Manning called Nassib not long after the Giants traded up for the Syracuse quarterback in the fourth round of the draft to congratulate him.
Nassib was fortunate to even answer the call, "I usually don’t pick up numbers I don’t save but at that point I was picking up anything from New Jersey," Nassib said. "So I might as well take that one.
"At that point we didn’t have much to talk about," Nassib added. "My house was a little bit crazy, I had a tough time hearing him."
On Thursday, the two quarterbacks got to meet face to face at the Giants’ facility and spent nearly 15 minutes talking. Nassib hopes it’s the first of many more talks over the next few years. As his backup, Nassib plans on hearing and soaking in everything Manning says to him.
"It is definitely a smart career move for a guy like myself to sit back and develop," Nassib said. "There are kind of stories out there like the [Aaron] Rodgers and the [Joe] Montanas of the world [and] Steve Young -- there are success stories that have happened. That is kind of my goal right now, kind of where I am heading."
In his first snaps as a Giant, Nassib had his share of rookie moments. He threw some sharp passes but also overthrew a couple of receivers in the first practice, including one for an interception.
"He did alright," general manager Jerry Reese said after the second practice of the day. "He looked like a rookie like the rest of them. Like you expect. I remember when JPP [Jason Pierre-Paul] came out here [during 2010 rookie camp]. He couldn’t get through the first five to 10 minutes. Don’t read too much into the first practice."
The Giants, though, saw some things in Nassib on Friday that were reasons they traded up to grab him in the fourth round. They saw his smarts, poise, command of the huddle and ability to adapt despite the fact that Nassib got a hold of the playbook only the day before practice.
"First day out he did a pretty good job of mastering just the nomenclature, the terminology," offensive coordinator Kevin Gilbride said. "He didn’t seem overly confused by what we’re trying to do. There’s so much thinking going on. It’s hard to execute at a level that I’m sure we’re going to see down the road, but really, for the first day, he did pretty good."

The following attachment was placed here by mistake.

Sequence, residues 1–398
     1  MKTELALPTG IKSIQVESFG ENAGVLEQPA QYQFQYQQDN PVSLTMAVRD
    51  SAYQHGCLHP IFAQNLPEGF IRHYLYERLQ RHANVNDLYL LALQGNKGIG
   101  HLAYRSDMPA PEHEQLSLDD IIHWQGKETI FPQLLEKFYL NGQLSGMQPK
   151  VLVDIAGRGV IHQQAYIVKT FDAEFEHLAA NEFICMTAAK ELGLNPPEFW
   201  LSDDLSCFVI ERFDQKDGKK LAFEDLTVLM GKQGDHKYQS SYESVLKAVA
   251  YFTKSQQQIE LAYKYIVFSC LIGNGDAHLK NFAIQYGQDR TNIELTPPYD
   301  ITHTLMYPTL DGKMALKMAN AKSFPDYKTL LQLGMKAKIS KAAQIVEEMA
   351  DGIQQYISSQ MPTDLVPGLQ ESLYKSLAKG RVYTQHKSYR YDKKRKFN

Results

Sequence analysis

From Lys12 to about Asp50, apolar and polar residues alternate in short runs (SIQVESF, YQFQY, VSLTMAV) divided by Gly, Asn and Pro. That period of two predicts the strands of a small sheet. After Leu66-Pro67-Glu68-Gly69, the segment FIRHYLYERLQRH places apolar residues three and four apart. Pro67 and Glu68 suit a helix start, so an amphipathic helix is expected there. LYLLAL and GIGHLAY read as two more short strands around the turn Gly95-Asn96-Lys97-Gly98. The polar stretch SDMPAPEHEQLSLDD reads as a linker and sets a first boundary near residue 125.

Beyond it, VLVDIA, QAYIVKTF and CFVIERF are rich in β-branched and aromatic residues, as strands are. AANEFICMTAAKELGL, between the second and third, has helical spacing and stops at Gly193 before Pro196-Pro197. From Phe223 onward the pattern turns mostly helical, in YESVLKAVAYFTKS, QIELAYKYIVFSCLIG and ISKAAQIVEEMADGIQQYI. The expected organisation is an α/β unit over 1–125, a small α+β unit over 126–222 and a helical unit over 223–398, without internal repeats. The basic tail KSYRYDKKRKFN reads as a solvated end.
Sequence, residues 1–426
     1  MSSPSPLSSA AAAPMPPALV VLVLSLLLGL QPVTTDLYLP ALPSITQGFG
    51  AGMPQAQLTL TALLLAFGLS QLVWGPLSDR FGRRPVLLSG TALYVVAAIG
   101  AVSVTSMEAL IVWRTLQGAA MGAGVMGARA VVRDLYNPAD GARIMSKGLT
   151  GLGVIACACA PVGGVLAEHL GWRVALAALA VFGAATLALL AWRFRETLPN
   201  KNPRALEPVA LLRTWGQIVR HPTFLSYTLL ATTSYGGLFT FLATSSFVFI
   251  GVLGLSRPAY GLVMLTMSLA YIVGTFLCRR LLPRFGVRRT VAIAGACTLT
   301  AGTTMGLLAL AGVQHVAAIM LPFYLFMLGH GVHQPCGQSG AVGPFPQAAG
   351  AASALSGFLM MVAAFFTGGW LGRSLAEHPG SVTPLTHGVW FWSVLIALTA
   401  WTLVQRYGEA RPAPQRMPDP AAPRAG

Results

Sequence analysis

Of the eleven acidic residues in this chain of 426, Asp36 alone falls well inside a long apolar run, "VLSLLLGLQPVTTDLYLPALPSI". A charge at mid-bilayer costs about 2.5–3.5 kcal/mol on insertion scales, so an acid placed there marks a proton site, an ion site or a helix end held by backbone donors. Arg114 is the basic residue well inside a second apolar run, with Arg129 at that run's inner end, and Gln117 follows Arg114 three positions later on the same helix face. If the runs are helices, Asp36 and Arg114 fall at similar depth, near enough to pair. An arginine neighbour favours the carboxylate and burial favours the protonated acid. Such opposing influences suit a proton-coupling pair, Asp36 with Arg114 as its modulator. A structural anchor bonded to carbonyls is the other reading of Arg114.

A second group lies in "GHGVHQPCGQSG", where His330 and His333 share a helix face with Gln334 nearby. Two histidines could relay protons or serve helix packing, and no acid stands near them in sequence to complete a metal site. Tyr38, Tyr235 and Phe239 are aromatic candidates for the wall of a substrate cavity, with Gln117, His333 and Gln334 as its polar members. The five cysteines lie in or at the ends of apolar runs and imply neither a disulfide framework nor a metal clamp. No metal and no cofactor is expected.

The Giants certainly tried to make Nassib feel as comfortable as possible. Not only was his former left tackle at Syracuse, Justin Pugh, in the huddle with him, but Nassib also had Syracuse rookie wide receiver Marcus Sales at camp as well. Sales, who is a rookie tryout, caught 64 passes from Nassib last season for 882 yards and eight touchdowns. The Giants also had former Syracuse tight end Nick Provo in for a tryout.
"Yeah, you can’t get any more comfortable than that," Nassib said. "I completed a couple of balls to Marcus today, which was pretty funny, and having Justin in the huddle again and seeing Provo after not being with him for a couple of years, it was pretty fun."
Nassib and Pugh are rooming together during camp. The two Pennsylvania natives used to drive together for hours from Syracuse to their respective hometowns (Malvern and Holland). Now they find themselves trying to help each other make the transition to the pros.
"He is comfortable out there in the huddle, he takes command of the huddle," said Pugh, the team’s first-round pick who lined up at right tackle during both practices. "It is something he has always done. He has that presence when he walks in.
"When people asked me after that first round, 'What is going on with your quarterback?' I said whoever gets him will be real, real lucky," Pugh continued about Nassib, who fell to the fourth round. "We are lucky to have him. It is good going out there and me seeing him and him seeing me, and we are able to bounce things off each other in the hotel room."
Nassib plans on doing the same with Manning once the two get to spend more time together in the quarterbacks room and at practice. He has spent the past few years studying Drew Brees and emulating the Saints’ quarterback, since former Syracuse coach Doug Marrone was previously the Saints’ offensive coordinator.
Nassib might now wear No. 9 like Brees does. But he plans on emulating Manning.
"I want to try to learn as much as I can from him," Nassib said as he looked over at Manning’s locker stall. "Because he is definitely one of the best and he knows what he is doing. If I can just take a little bit from him each and every day, who knows what I can be like."